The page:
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L&M Arts gallery is serving Andy Warhol’s Campbell’s Soup in a form less familiar than the realistic red-and-white images of 1962’s Pop Art landmark.

The Manhattan gallery has assembled 12 of the 20 existing multicolored Campbell’s soup cans that Warhol painted in 1965. This is the first time they have been the sole focus of an exhibition, and the effect is remarkable.

By adding more colors to the palette, the artist transformed his original silkscreens and in the process stepped beyond his roots in the graphic arts. Greens, yellows, purples and blues fill the labels, and no one hue is identical to another in the 12 joyful paintings.

Warhol’s sharp use of color combinations gives each a painterly uniqueness where once they were only distinguished by flavor.

Two works are for sale and prices will be provided upon request. A colored Campbell’s soup can fetched $3.4 million at Phillips de Pury & Co. in 2007.

“Andy Warhol: Colored Campbell’s Soup Cans” is at 45 E. 78th St. through June 11. Information: +1-212-861-0020;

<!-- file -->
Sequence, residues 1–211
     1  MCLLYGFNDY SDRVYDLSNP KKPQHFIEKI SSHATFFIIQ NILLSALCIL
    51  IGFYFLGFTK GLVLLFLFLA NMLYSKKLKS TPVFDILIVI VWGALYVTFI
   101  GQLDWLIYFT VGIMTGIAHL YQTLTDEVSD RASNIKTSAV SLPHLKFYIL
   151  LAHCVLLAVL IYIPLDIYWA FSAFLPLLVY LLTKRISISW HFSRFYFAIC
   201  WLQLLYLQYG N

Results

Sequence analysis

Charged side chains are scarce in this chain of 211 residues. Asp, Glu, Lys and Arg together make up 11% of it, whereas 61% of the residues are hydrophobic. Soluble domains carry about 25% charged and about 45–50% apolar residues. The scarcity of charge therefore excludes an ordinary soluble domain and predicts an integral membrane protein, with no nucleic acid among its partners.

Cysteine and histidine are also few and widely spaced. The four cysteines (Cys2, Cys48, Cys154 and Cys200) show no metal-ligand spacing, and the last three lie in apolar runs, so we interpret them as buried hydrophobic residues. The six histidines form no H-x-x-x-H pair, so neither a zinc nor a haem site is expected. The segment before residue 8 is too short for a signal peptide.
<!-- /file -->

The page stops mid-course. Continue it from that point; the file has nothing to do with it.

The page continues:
Avedon, Gorky

Francis Bacon in black stares at visitors as they enter “Avedon: Artists” at Manhattan’s Gagosian Gallery.

The 1979 print, from an edition of 10, hangs alongside other portraits of artists, among them Duchamp, Picasso and de Kooning.

A blond dog lovingly looks up at Robert Frank, with his paw resting on the photographer’s arm. Andy Warhol shows off the scars left in his midrift by Valerie Solanas.

Also on view at Gagosian’s uptown space is a show revolving around the discovery, last year, of Arshile Gorky’s “Untitled (Pastoral),” a 1947 painting that had been hidden behind “Pastoral” -- on the same stretcher -- for more than 60 years. The exhibition focuses on the artist’s last year of life, before he committed suicide in 1948.

The challenging canvas is covered in dark brushstrokes and features an evil-looking face in the top left area with only one blue eye. In “Pastoral,” a green dog seems to be slowly stepping out of Gorky’s original yellow universe.

Not to be missed is “The Limit,” a gray abstract canvas decorated with patterns made of colors and thin lines, last shown in a retrospective at the Guggenheim Museum almost 30 years ago.

Some works are for sale, although the gallery won’t disclose prices. “Avedon: Artists” and “Arshile Gorky: 1947” are at 980 Madison Ave. through July 8 and July 1, respectively. Information: +1-212-744-2313;

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